Artist Statement

 

“Are you looking at me?!” describes performance as much as it also questions the politics of knowledge-making. Operating in the crux between performance and epistemology (or knowing), I create work to ask: What do you know or think you know, and how do you know it? I mash up ethnographic and archival research, texts, images, and dance histories to create intermedia performances and writing, and frequently engage with collaborators in the process, from visual artists to scientists. Treating observation like a rearrangeable art object, I craft embodied, choreographic stories that use humor and pathos to unsettle the relationship between observer and observed. 

I am a dance artist who doubles as an ethnographer of science. I am obsessed with searching for hidden sensorial and kinesthetic connections that race through scientific experimentation, set in counterpoint to dance as a raggedy science of motion and self.  I use my dance histories as microscopes and probes, through my background as a former dancer with New York City Ballet now fully indoctrinated in American postmodern dance. Blurring “the objective” and “the subjective,” I throw these forms against a broader canvas to elevate and scrutinize their work, while allowing dance to be just as it is: intimate, capacious, and uniquely insightful.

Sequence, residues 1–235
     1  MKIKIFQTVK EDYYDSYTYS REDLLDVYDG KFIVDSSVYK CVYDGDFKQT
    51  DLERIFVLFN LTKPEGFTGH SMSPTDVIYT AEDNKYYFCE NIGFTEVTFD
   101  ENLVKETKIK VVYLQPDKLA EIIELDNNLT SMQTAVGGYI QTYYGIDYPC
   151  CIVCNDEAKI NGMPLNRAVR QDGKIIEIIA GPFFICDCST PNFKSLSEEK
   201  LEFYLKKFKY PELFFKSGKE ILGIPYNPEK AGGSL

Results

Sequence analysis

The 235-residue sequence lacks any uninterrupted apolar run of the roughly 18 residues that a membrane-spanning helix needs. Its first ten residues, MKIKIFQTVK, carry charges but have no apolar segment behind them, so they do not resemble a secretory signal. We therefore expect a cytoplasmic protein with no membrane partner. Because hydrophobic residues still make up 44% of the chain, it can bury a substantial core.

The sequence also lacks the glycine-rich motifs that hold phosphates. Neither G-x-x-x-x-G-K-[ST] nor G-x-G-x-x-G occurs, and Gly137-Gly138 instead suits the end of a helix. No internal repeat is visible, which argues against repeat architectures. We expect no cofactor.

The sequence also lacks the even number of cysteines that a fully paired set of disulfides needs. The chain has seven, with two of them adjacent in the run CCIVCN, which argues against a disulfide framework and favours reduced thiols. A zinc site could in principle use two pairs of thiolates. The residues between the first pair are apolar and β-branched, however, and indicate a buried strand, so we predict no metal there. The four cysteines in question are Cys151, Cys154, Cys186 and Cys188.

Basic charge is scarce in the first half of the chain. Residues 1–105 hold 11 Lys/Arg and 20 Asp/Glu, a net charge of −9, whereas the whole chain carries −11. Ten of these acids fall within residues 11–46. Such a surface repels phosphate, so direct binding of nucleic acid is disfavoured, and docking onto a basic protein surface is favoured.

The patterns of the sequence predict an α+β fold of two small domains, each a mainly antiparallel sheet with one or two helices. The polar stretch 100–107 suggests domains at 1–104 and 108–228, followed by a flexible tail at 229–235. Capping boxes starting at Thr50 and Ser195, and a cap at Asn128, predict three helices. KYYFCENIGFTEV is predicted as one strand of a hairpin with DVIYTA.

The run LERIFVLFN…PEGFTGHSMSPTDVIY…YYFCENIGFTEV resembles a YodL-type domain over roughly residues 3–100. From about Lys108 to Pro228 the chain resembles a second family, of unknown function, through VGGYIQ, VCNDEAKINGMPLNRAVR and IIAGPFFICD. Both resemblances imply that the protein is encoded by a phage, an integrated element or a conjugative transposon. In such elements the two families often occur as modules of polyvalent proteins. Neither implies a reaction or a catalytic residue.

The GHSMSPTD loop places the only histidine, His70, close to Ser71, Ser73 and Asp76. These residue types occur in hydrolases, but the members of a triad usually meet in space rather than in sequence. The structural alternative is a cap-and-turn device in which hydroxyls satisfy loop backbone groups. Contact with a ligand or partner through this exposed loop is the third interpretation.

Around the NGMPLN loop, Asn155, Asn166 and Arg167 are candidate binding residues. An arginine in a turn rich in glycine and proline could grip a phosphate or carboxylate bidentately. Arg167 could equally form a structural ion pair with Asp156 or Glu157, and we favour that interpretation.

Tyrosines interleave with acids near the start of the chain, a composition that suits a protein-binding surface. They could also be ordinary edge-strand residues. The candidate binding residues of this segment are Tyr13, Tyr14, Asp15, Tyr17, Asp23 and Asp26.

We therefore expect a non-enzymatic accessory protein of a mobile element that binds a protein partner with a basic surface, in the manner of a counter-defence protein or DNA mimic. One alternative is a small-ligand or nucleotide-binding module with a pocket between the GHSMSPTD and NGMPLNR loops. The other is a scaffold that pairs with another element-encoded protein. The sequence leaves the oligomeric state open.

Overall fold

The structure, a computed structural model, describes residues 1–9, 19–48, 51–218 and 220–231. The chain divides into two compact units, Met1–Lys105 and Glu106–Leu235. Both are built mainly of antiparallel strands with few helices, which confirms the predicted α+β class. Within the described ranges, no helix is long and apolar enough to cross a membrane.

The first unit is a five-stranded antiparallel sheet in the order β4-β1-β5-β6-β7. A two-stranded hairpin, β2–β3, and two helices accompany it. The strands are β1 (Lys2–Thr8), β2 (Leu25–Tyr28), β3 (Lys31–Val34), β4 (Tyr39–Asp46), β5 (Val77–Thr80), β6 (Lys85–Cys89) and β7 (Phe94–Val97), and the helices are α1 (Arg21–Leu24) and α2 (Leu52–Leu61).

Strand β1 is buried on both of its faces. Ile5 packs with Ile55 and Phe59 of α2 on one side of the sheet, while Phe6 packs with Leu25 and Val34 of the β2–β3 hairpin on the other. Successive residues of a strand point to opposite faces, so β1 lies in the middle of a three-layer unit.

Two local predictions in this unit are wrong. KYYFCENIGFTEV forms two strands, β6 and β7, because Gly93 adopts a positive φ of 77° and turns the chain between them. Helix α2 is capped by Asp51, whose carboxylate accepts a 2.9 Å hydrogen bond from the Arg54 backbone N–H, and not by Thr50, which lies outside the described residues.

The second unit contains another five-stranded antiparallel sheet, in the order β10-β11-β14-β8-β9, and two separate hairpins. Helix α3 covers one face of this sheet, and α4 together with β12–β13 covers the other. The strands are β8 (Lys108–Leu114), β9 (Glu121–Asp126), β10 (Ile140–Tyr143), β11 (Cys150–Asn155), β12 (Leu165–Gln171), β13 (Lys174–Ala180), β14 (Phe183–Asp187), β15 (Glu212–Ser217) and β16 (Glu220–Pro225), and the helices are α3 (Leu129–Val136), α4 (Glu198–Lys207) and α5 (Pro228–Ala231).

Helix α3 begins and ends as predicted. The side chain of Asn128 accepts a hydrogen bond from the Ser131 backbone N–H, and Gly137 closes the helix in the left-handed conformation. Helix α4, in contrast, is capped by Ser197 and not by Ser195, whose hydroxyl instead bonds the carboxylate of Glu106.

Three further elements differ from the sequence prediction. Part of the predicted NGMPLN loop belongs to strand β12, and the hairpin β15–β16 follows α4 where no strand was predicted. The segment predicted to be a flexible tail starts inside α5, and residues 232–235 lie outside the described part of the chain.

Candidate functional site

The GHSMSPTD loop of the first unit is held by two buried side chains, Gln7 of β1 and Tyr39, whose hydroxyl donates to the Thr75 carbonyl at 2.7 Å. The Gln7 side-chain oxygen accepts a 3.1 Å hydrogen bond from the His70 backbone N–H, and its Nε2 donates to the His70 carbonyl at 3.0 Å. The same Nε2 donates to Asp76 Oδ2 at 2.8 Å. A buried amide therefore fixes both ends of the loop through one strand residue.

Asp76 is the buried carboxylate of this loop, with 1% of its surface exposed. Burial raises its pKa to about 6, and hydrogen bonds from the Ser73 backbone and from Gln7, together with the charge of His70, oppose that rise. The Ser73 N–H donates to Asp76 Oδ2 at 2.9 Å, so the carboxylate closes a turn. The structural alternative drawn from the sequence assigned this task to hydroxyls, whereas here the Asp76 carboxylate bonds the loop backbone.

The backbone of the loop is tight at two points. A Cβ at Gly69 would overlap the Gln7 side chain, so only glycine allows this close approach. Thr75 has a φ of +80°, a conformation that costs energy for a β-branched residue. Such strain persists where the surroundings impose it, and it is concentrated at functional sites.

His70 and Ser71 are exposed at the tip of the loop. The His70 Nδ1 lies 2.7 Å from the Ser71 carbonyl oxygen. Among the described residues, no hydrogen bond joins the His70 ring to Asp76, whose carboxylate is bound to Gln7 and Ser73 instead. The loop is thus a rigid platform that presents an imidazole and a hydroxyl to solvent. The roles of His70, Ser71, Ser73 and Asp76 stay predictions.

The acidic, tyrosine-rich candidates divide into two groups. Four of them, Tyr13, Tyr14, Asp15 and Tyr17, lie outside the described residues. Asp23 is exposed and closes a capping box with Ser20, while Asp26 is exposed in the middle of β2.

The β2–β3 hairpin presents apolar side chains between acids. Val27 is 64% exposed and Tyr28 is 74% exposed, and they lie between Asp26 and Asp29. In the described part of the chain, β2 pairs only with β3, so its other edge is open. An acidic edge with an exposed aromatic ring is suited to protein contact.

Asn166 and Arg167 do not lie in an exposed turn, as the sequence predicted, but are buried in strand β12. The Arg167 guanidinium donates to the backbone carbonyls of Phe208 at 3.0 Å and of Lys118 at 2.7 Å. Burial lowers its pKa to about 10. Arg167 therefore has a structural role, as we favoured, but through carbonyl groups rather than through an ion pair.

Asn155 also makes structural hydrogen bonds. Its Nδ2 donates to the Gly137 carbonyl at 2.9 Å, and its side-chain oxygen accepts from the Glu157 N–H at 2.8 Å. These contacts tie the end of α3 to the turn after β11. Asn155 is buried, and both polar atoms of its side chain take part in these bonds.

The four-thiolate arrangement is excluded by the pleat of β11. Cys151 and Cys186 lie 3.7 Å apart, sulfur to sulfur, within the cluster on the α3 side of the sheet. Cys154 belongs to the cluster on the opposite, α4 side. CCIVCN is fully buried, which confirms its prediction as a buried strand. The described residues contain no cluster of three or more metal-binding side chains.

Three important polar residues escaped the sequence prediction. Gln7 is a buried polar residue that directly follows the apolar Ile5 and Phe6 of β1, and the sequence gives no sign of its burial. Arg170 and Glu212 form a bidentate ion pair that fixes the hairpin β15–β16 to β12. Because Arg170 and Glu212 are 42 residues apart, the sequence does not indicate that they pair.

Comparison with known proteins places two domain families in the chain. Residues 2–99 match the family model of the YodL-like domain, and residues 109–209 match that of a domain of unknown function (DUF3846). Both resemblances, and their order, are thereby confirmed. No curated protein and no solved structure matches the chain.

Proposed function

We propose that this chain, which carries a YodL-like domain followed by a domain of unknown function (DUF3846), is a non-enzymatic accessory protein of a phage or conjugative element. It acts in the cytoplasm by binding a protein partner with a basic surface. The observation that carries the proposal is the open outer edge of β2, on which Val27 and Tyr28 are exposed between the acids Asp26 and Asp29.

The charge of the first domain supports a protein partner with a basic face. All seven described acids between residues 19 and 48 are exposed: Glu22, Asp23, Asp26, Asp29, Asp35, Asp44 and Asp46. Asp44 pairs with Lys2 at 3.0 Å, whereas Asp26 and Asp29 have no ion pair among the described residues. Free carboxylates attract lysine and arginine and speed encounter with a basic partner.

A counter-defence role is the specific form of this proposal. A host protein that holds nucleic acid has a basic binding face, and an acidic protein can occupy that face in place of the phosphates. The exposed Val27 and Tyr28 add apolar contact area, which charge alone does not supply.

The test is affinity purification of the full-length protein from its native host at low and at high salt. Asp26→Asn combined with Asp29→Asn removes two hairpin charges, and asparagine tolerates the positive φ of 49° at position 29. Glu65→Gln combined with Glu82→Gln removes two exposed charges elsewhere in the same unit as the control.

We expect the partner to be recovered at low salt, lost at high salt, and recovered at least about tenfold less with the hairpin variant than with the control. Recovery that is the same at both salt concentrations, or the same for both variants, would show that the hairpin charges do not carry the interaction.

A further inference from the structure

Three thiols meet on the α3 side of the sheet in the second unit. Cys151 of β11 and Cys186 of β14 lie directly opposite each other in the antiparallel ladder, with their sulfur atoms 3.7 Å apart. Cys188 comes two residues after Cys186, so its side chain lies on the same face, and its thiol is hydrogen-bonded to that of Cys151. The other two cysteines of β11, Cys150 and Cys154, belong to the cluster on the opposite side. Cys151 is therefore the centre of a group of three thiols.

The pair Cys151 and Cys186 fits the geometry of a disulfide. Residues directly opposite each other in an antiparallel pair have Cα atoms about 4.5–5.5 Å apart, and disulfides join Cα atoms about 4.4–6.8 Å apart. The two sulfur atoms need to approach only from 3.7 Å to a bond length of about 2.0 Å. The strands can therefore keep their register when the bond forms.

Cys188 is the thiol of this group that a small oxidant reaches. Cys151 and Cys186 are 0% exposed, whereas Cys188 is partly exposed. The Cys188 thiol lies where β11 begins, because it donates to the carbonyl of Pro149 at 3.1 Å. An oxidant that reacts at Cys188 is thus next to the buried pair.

I don’t always work with science: I also choreograph for theater, and I have launched dance reconstruction projects large and small. But I frequently return to science, because it reminds me of the tenuousness of my humanity. Poignantly, our bodies are everything and nothing in the face of truly knowing our cosmos. Dance reminds science of its body, and science gives dance galactic scale. I’m interested in using dance to “body forth” the impossibility of representing so much unknown.